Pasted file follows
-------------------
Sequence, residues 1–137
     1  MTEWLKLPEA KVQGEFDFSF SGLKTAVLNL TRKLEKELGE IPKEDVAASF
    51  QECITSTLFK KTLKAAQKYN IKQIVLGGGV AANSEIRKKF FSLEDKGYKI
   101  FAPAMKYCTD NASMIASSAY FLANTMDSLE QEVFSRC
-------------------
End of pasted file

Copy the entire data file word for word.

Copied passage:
Sequence, residues 1–137
     1  MTEWLKLPEA KVQGEFDFSF SGLKTAVLNL TRKLEKELGE IPKEDVAASF
    51  QECITSTLFK KTLKAAQKYN IKQIVLGGGV AANSEIRKKF FSLEDKGYKI
   101  FAPAMKYCTD NASMIASSAY FLANTMDSLE QEVFSRC